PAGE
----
All-cause, but not melanoma-specific, mortality reduced by skin checks, finds study

By Rebecca Jenkins
Melanomas detected through routine skin checks are associated with lower all-cause mortality but not significantly lower melanoma-specific mortality, Australian research finds.

For the prospective population-based cohort study, researchers used linked mortality and cancer registry data from 2452 patients in New South Wales enrolled in the Melanoma Patterns of Care Study who were diagnosed with a melanoma between October 2006 and October 2007.

They found people whose melanoma was detected by a doctor during a routine skin check were 59% less likely to die from that melanoma over the next 12 years compared with patients who detected their own melanoma, whereas deaths from all causes were 36% lower among people whose melanoma was detected in a routine skin check.

However, when researchers adjusted for prognostic variables, including mitotic rate and ulceration, they found a 32% reduction in melanoma-specific mortality which did not reach statistical significance.

There remained a statistically significant 25% reduction in all-cause mortality associated with routine skin checks, but the authors urged caution in interpreting this finding.

‘The fact that routine skin-check melanoma detection was significantly associated with lower all-cause mortality but not melanoma-specific mortality in fully adjusted analyses may reflect residual or unmeasured confounding from socio-demographic characteristics (such as education level), medical access, and health-seeking behaviours (such as physical activity) that are independently associated with both routine skin checks and overall mortality,’ the researchers wrote in JAMA Dermatology.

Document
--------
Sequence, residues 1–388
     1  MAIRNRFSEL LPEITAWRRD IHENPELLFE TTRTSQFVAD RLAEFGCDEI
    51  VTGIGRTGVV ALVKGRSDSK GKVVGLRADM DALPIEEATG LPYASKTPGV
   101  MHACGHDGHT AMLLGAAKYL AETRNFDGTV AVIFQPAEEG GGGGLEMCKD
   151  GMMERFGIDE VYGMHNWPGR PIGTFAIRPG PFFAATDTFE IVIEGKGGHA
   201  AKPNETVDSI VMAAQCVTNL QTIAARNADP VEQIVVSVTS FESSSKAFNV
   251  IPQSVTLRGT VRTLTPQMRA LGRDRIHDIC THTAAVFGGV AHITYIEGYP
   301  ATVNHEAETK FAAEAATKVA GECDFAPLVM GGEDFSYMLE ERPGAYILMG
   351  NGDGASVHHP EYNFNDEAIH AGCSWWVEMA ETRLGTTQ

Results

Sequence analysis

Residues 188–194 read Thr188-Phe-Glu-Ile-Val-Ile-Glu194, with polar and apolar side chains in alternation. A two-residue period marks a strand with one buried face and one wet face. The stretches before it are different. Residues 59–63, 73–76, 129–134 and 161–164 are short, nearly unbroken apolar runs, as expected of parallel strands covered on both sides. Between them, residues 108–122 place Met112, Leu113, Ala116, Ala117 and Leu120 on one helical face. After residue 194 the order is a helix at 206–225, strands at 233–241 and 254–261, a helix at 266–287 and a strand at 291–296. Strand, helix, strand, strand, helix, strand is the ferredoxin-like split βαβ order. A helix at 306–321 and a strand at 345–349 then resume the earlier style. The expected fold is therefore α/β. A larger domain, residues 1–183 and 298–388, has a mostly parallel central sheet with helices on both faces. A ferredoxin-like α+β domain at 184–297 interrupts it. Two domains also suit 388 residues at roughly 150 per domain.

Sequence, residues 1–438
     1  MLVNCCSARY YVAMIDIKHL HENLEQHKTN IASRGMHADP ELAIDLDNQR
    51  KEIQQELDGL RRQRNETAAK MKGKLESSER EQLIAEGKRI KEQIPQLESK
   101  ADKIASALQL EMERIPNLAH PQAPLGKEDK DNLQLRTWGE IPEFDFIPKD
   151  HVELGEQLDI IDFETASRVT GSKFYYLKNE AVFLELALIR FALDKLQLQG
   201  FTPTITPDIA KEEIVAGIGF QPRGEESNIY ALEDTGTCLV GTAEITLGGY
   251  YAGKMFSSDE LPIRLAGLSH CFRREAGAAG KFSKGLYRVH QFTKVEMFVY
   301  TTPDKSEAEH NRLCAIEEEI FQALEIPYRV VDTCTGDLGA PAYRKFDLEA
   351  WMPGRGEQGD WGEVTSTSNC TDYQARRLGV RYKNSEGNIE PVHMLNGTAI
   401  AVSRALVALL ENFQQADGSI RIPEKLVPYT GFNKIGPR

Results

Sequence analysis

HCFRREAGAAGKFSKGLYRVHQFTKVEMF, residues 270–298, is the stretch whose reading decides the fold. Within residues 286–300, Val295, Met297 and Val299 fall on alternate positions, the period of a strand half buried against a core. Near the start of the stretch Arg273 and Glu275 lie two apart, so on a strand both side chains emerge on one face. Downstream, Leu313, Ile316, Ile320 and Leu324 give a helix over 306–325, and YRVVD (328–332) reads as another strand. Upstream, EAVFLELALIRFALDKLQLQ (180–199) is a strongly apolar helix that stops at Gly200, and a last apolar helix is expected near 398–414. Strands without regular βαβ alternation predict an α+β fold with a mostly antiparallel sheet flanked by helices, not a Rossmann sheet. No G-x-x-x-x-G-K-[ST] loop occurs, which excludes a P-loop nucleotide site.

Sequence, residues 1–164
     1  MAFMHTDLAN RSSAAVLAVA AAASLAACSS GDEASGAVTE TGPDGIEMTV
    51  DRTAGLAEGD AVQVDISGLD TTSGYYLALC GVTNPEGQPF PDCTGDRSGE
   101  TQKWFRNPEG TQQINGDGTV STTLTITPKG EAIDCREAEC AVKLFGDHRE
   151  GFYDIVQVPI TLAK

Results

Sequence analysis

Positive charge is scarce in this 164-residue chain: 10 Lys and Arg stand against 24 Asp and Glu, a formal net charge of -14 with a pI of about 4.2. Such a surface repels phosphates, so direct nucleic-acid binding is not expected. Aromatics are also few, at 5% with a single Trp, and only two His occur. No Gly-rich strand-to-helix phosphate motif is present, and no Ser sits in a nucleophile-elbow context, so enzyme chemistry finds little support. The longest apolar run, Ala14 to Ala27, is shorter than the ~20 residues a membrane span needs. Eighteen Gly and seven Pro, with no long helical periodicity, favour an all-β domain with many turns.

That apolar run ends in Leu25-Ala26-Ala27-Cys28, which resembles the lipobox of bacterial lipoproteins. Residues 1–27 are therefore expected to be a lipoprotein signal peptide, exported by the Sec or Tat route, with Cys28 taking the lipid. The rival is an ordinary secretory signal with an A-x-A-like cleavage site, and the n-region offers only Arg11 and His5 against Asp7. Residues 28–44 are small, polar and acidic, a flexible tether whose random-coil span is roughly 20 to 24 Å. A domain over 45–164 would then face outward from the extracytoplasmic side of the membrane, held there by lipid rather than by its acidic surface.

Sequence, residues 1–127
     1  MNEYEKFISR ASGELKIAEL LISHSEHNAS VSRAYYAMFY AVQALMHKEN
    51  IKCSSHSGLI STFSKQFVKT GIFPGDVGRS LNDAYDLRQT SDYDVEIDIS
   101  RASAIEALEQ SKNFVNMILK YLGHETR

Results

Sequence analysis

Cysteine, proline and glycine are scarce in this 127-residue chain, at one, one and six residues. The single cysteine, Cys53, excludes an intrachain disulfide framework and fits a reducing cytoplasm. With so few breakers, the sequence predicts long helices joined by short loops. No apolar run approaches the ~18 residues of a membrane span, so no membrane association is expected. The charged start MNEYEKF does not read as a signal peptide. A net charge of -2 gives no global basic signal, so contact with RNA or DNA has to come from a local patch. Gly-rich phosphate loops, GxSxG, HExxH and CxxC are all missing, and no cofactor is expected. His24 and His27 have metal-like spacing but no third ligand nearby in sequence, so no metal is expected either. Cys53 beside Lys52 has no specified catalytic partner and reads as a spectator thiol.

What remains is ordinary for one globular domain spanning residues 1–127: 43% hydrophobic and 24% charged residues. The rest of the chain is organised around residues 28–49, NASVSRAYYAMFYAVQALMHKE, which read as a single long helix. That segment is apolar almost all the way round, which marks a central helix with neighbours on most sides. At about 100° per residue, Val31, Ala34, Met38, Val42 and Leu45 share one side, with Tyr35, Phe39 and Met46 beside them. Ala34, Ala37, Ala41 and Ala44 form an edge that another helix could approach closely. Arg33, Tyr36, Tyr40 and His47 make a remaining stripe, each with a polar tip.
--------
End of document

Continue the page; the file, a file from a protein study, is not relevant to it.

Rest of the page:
A total of 858 patients (35%) had their melanoma detected during a routine skin check, 1148 (47%) detected the melanoma themselves, 293 (12%) had their melanoma discovered incidentally when checking another skin lesion and 153 (6%) reported another presentation.

There were higher odds of melanoma being detected at a routine skin check among men, those with a previous melanoma, those with many moles, patients aged 50 years or older or those living in nonremote areas.

The authors concluded that a large, randomised trial was needed to provide definitive evidence that screening for skin cancer reduces melanoma-specific and all-cause mortality among people invited to screen, but there were feasibility issues.

Lead author Professor Anne Cust, Deputy Director of the Daffodil Centre at The University of Sydney and Cancer Council NSW and Faculty member of the Melanoma Institute Australia, told Medicine Today the study had aimed to better understand how melanoma was detected and to examine the question of whether routine skin checks saved lives, as previous evidence had not been able to provide an answer.

She remained hopeful that it would be possible to conduct a large randomised controlled trial on melanoma screening in the future.

‘My team is currently modelling the potential benefits, harms, cost-effectiveness and resource implications of a national risk-stratified melanoma screening program for Australia (funded by a grant from the NHMRC), and if we find a cost-effective and feasible program design then it would be ideal to test that in a randomised controlled trial,’ she said.
JAMA Dermatol 2021; doi:10.1001/jamadermatol.2021.3884.